Even so, sincere Christians sometimes fear that they, in an unguarded moment, have blasphemed the Holy Spirit. Usually, these people have simply misunderstood the nature of such blasphemy, or have misjudged their own actions. In any event, since the reprobate (those who will never come to faith) cannot feel true remorse for their sin (cf. Acts 11:18), Christians who fear that they may have committed this unpardonable sin generally show by their very anxiety and remorse that they have not done so.

Monday, April 26, 2010

Mormon Glenn Beck Speaking at Liberty University Graduation

Here's a perfect example of what evangelical co-belligerism does to Christianity:

Liberty University has invited Glenn Beck to speak at their graduation.

Glenn Beck is a Mormon. Contrary to postmodern evanjellyfish claims, Mormonism is a pseudo-Christian cult. That means that Mormonism is damnable heresy and Glenn Beck is a hell-bound heretic; regardless of how nice he is. See Watchman Fellowship's articles here:

Here's an important question for the administration of Liberty University:
Have you hit your heads?

It appears so. Given his previous deceit, it is not surprising that Ergun Caner, President of Liberty Baptist Theological Seminary tweeted the following about the invite,
Glenn Beck at the LU Graduation! Love it! And I'm loving the snarking of the haters. LU folk: rejoice when they revile!
What? "[R]ejoice when they revile!"? Oh, you mean when discerning, Bible-believing evangelical Christians revile the fact that the school that you work for should be consistently training young people in the truths of the Christian faith versus confusing them by inviting a hell-bound cultist to speak at their commencement ceremony? To top that off, you call those (like me) who object to your administration's decision "haters". Au contraire, it appears that you sir, are the hater. The fact that you would gladly support such confusion shows those who have any measure of discernment where your heart and the heart of Liberty's administration is when it comes to presenting a consistent message regarding the truth of the gospel. If you want to know why Bible-believing Christians are upset at this decision, it is this: Your trumpet is producing an uncertain sound and you are rejoicing about it, just like much of the rest of evangelicalism. Instead of rejoicing, you ought to be mourning.

Given Caner's attitude and Liberty U's invite of Beck, its no wonder most of the professing evangelical Christians that I witness to are absolutely clueless about the gospel.

May God have mercy on the professing evangelicals in America, as the foundations of historic evangelical orthodoxy continue to erode.

Was God late to the play?

Some comments I left at First Things: Evangel

steve hays
April 22nd, 2010 | 6:33 pm | #31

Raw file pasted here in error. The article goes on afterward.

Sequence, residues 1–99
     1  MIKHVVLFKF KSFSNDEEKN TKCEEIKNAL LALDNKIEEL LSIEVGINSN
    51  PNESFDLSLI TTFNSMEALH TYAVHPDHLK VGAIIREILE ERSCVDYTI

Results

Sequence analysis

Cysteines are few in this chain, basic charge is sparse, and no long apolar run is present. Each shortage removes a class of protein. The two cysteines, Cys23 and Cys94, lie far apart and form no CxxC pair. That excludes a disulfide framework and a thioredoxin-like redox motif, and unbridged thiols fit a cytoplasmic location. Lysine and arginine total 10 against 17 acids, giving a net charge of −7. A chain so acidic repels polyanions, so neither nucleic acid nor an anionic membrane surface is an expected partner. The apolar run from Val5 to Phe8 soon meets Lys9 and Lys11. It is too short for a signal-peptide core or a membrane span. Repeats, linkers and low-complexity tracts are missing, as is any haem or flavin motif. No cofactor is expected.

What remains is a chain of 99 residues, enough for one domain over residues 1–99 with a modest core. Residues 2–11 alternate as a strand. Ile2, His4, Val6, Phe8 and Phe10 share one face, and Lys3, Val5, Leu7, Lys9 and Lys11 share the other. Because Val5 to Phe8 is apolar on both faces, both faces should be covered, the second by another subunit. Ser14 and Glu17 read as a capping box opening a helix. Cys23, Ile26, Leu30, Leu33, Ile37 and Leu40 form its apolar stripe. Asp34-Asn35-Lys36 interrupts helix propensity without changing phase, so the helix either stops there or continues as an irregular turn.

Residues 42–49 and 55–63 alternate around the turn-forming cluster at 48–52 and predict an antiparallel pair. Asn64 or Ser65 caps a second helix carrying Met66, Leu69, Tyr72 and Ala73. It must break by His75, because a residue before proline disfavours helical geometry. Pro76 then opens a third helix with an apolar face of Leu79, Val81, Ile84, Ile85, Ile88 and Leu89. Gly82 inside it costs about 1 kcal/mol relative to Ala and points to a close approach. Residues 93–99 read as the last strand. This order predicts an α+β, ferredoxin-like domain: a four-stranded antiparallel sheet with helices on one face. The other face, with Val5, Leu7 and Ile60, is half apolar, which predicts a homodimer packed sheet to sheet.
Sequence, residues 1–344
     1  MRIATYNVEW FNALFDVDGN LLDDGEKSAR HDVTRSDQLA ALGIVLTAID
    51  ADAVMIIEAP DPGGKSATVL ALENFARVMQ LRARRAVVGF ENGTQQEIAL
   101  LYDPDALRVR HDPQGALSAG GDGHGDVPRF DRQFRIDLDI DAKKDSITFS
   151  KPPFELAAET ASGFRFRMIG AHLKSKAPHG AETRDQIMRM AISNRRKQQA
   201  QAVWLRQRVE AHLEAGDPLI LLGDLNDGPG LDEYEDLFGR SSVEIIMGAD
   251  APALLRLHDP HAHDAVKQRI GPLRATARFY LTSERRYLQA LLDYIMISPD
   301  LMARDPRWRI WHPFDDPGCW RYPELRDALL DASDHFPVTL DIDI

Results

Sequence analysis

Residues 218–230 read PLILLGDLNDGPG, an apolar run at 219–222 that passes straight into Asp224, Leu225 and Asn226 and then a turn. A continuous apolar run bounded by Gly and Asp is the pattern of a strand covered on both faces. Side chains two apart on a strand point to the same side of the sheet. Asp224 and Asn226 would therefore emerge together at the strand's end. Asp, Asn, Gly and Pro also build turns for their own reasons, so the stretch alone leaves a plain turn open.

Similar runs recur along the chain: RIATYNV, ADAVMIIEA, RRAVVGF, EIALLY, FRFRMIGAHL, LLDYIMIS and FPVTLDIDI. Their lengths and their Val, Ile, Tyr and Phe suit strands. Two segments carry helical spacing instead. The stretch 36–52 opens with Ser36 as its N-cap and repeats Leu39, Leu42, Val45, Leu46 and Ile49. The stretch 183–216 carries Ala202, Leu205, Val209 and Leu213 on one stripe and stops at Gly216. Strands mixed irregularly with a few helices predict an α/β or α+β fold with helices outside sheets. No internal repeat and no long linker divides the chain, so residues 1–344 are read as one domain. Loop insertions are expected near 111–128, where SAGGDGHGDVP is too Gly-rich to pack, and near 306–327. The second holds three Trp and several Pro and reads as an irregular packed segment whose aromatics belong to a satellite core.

[Sacramone] “One last time, a little perspective: To believe that before you were born God had already decided that you, as an individual, would spend eternity in heaven or in hell, merely because it pleased him to do so, his being God and all, irrespective of anything in you or about you.”

And what makes you think that’s an accurate characterization of reprobation? How does your description compare with, let us say, Turretin’s discussion of reprobation?

“Tell me you believe, however, in a mythological monster who delights in human suffering as an expression of his absolute power and that we are merely hapless victims—well then the doctrine of double predestination becomes at least intelligible, albeit in a frighteningly sick way. But tell me that it’s also the condemned’s fault, and I’m going to drive you to a pharmacist to re-up your meds.”

One of your problems with the combination of your supercilious tone with the frivolity of your intellectual performance. You’re just a rhetorician. You affect to treat these issues as if they were of utmost importance, but you never get around to presenting a single serious argument. Instead, you simply hide behind oratory. But oratory is no substitute for exegesis or reasoned argument. And there’s more to exegesis than simply quoting a verse of Scripture, then nodding your head.

“If God must declare ‘Bob, you’re in’ even before there is a Bob and ‘Sally, you’re out’ even before there is a Sally for there to be such a thing as grace…”

So you think that God creates people without having any idea what to do with them, then only after he makes them he stops to ask himself where they should end up. Is that your honest-to-goodness position, or is this another case in which you’re just speaking for rhetorical effect?

“This is why I sometimes think we’re talking about two different religions.”

I think that’s one thing you’ve succeeded in demonstrating, all right.